Fifty years ago this week, the first U.S. Surgeon General’s report linking tobacco and lung cancer was published. Since then, the U.S. and Georgia have made tremendous progress in reducing the burden of tobacco on our communities. However, our work is far from finished. Here in Georgia, tobacco remains the leading preventable cause of death and kills more than 11,000 people in our state each year. More than 1.5 million Georgians smoke. Another 317,000 use other forms of tobacco. And 25 percent of Georgia's youth smoke, a rate higher than kids in other states across the country. Tobacco causes lung cancer, cancers of the head and neck and heart disease.
Most smokers think a tobacco-related illness will never happen to them, but sadly, there are real people behind the statistics. Georgia resident Janice Hayes started experimenting with tobacco when she was 13, two years after the first Surgeon General’s report came out. Now, she lives every day with the effects of using tobacco. In her 40s, she was diagnosed with cancer and had a laryngectomy, affecting her voice and adding a stoma, or breathing tube, in her neck. Even though her cancer is in remission, simple things like talking and breathing are hard for her.
“When you are young, you think you will live forever. But I wish I had never smoked,” she said. “Everybody smoked back then, and I just thought, ‘I’ll quit when I’m through.’ I didn’t know how addictive it would be.”
Even in Hayes’ job as a dental assistant, she recalls how people would smoke in the waiting room of the dental office.
Things are different in Georgia today. More than half of the people who smoke each year in Georgia report wanting to quit. Indoor smoking is prohibited in many public places. Many of our hospitals are tobacco-free or moving toward becoming tobacco-free. More than half of the school districts in Georgia are tobacco-free, and the Board of Regents that governs the University System of Georgia is considering a tobacco-free policy for all of its campuses. These policies help keep people healthy and send a message to all people in the community that tobacco is dangerous.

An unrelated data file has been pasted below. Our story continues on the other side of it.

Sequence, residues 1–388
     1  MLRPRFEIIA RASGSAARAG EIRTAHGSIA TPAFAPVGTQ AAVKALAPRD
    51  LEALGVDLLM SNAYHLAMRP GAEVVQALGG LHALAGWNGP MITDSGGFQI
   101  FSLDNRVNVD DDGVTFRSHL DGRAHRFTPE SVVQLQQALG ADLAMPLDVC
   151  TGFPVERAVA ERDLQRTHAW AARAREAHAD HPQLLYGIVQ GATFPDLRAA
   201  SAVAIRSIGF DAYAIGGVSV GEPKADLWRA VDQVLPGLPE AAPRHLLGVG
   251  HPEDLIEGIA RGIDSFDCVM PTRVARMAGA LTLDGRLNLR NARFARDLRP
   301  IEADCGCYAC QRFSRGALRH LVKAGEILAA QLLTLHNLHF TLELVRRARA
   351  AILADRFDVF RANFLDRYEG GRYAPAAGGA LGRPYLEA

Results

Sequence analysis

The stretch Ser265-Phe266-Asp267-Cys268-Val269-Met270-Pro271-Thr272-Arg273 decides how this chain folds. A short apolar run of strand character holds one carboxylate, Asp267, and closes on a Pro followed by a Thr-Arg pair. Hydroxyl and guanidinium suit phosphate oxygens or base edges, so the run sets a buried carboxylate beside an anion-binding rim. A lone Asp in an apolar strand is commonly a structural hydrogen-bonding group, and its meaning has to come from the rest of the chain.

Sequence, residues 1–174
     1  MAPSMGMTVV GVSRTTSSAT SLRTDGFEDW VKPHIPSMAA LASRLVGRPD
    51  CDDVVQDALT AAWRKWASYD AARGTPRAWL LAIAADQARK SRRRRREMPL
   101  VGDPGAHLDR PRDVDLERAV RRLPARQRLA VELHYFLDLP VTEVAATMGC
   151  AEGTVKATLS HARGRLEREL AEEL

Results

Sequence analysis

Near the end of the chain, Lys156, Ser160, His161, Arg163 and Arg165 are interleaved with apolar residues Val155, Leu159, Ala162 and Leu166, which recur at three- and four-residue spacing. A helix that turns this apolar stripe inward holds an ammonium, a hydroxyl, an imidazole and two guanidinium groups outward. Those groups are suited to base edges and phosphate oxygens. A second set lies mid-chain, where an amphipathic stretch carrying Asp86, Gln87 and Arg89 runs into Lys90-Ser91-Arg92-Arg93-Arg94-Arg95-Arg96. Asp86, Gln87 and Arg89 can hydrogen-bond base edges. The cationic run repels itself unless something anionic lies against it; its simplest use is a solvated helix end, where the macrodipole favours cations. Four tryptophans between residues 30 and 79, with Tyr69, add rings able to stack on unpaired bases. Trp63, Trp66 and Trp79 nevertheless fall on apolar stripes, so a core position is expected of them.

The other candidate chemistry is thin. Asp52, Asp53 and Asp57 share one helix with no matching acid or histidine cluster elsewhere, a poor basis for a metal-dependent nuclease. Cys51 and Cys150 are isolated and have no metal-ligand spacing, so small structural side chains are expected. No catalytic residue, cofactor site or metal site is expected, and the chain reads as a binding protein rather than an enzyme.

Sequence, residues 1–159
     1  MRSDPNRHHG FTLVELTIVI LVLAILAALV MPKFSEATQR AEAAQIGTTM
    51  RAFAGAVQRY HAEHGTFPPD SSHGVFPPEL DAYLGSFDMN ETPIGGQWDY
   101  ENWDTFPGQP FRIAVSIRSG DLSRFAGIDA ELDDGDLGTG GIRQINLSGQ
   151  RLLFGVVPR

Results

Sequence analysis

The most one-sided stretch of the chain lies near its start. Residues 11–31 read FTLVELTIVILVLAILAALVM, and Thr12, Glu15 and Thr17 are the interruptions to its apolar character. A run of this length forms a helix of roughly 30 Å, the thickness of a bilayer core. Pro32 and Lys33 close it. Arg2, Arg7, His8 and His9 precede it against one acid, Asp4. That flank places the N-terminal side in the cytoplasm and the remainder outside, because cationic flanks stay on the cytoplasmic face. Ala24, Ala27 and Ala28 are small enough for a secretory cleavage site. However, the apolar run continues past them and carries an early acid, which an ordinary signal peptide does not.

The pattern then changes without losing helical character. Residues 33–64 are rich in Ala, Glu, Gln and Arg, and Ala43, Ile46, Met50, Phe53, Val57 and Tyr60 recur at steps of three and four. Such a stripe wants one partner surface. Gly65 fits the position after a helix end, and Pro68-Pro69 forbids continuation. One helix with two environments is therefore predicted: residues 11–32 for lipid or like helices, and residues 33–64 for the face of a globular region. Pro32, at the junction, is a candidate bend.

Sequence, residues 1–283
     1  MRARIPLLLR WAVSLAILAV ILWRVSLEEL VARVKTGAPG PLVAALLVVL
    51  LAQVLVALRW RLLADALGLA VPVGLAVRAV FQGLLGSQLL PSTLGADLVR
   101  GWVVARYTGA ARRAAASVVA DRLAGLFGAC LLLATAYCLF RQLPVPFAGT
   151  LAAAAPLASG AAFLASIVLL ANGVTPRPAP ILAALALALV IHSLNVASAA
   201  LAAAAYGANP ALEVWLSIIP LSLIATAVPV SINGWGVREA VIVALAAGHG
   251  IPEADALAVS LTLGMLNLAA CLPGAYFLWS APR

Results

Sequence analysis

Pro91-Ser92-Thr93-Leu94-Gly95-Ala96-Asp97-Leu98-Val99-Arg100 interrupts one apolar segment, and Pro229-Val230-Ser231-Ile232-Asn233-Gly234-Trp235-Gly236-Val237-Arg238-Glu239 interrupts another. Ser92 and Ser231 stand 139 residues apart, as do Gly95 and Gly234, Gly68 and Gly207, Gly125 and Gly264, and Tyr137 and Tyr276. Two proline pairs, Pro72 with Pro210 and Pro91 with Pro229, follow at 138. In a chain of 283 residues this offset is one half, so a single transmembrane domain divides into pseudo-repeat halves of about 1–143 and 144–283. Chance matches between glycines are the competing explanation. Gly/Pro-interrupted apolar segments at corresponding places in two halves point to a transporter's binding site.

We are making strides in Georgia around tobacco, but Hayes wants to remind kids that tobacco companies are still promoting their product in ways that are meant to encourage kids and adults to start smoking and using other forms of tobacco.
“Remember, they are selling death and disease,” she said.
Help is available for people who want to quit. Anyone can call the Georgia Tobacco Quit Line (1-877-270-STOP (7867)) 24 hours a day, 7 days a week to get help for themselves or friends or family. The Quit Line is free and available in multiple languages. Quitting is the most important thing smokers can do to avoid heart disease, cancer, lung disease and other smoking-related illnesses. The health benefits of quitting are immediate. By not smoking indoors or around others, smokers can help to lower other people’s risks of asthma and heart attacks.
Learn how you can become tobacco free. Visit the Georgia Tobacco Quit Line page on DPH’s website.